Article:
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Malnutrition guide for older people

Published on 10 May 2013 11:30 AM

A new guide on preventing malnutrition in older people has been published.

Contrary to popular belief in this country, the condition is not confined to the world's developing nations and is a 'very big problem' in the UK.

In fact one in 10 older people in the UK are malnourished, according to the document's authors.

The guide was created by the British Dietetic Association (BDA) and the Malnutrition Task Force.

Malnutrition and dehydration has been thought of as a third world problem for far too long, said Helen Davidson, honorary chairwoman of the BDA, the professional body for UK dietitians.

Ms Davidson said tackling malnutrition in adults could save the NHS up to £45.5 million a year.

Malnutrition is a UK problem

Malnutrition affects an estimated 3 million people in the UK.

It is a serious condition that occurs when a person's diet does not contain the right amount of nutrients.

National Institute for Health and Care Excellence guidance on nutrition support in adults defines malnutrition as being characterised by:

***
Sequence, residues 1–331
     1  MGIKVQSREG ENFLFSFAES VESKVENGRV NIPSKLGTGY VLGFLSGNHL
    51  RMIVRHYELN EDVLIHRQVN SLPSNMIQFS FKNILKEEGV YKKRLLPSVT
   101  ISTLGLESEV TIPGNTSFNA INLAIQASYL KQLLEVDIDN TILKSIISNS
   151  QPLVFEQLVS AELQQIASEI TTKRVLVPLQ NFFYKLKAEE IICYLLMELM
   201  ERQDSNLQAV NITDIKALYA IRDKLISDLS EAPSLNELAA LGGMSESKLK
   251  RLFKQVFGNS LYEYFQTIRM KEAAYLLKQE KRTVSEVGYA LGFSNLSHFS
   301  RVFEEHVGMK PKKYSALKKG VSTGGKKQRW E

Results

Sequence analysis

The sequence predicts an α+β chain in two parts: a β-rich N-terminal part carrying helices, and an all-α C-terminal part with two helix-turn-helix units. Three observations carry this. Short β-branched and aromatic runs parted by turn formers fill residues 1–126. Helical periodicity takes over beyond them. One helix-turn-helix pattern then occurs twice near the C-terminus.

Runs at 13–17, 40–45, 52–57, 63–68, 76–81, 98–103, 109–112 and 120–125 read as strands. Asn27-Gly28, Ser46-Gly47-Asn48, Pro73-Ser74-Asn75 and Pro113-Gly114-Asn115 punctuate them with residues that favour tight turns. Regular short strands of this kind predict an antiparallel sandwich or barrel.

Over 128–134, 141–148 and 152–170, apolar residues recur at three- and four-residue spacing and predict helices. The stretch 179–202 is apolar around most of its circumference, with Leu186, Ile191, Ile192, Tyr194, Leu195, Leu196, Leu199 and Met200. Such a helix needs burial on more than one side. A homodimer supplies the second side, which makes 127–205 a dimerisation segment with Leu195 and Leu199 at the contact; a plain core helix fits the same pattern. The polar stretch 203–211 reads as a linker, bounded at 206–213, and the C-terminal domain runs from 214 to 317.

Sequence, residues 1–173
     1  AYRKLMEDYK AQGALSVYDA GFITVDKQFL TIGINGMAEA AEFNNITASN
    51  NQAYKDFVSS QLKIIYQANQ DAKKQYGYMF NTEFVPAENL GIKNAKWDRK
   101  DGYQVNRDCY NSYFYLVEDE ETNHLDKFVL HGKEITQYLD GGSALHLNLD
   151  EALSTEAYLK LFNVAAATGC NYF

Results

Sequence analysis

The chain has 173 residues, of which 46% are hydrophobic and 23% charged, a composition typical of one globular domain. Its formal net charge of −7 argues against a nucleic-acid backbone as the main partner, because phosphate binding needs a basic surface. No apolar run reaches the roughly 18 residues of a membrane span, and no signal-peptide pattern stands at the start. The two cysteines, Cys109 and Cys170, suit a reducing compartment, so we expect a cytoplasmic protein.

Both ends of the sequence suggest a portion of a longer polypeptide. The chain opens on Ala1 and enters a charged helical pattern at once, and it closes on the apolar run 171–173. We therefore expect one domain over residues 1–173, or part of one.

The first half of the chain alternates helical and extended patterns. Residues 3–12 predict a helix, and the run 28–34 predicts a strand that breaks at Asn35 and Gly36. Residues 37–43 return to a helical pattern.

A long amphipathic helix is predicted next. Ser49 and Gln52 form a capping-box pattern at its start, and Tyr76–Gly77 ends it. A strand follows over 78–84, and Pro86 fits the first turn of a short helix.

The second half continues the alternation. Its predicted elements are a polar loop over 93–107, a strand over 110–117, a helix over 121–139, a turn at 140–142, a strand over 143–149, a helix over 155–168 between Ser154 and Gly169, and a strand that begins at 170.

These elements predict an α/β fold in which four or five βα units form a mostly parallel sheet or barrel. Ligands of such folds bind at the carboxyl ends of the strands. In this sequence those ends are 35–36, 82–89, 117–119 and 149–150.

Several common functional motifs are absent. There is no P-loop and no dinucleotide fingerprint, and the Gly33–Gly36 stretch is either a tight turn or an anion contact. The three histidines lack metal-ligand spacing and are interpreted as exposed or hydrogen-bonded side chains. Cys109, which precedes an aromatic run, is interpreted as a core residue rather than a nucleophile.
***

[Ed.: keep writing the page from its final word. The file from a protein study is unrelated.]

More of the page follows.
• a body mass index (BMI) of less than 18.5,
  • unintentional weight loss greater than 10% within the last 3 to 6 months,
  • or a BMI below 20 and unintentional weight loss greater than 5% within the last 3 to 6 months.

Causes of malnutrition

There are many explanations as to why someone becomes malnourished.

For example, they may have cancer of the digestive tract which means they are unable to eat properly or can't absorb nutrients.

They may have suffered from a stroke or have advanced dementia, which can cause difficulties chewing and swallowing, or they may abuse alcohol and so not eat properly.

Therefore being unable to afford enough food to sustain a healthy diet is simply one of its many causes.

10% of older people are malnourished

Dianne Jeffrey, Chair of the Malnutrition Task Force, said 10% of older people are malnourished and 93% of them are in the community.

'This is where it starts for many people, so we must make every effort to improve prevention and early detection of malnutrition,' she said.

A variety of factors contribute to malnutrition and addressing them requires the concerted effort of all stakeholders, she said.

Ms Jeffrey added: 'Together, we can combat preventable malnutrition effectively and thus improve the health of older people, maintain their independence and save money for the local health economy, too.'

Copyright Press Association 2013

Last updated: Oct 06 2017

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